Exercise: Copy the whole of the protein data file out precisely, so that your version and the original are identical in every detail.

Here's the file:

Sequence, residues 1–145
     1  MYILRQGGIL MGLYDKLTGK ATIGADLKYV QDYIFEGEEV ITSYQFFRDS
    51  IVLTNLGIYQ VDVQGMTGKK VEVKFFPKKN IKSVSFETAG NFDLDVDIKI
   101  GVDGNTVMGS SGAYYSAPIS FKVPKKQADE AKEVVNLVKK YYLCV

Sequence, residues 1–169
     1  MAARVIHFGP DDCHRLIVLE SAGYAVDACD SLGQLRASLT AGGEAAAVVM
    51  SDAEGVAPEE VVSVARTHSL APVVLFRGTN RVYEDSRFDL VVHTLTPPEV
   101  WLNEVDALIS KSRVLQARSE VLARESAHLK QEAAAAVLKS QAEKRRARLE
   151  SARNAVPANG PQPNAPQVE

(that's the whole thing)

Sequence, residues 1–145
     1  MYILRQGGIL MGLYDKLTGK ATIGADLKYV QDYIFEGEEV ITSYQFFRDS
    51  IVLTNLGIYQ VDVQGMTGKK VEVKFFPKKN IKSVSFETAG NFDLDVDIKI
   101  GVDGNTVMGS SGAYYSAPIS FKVPKKQADE AKEVVNLVKK YYLCV

Sequence, residues 1–169
     1  MAARVIHFGP DDCHRLIVLE SAGYAVDACD SLGQLRASLT AGGEAAAVVM
    51  SDAEGVAPEE VVSVARTHSL APVVLFRGTN RVYEDSRFDL VVHTLTPPEV
   101  WLNEVDALIS KSRVLQARSE VLARESAHLK QEAAAAVLKS QAEKRRARLE
   151  SARNAVPANG PQPNAPQVE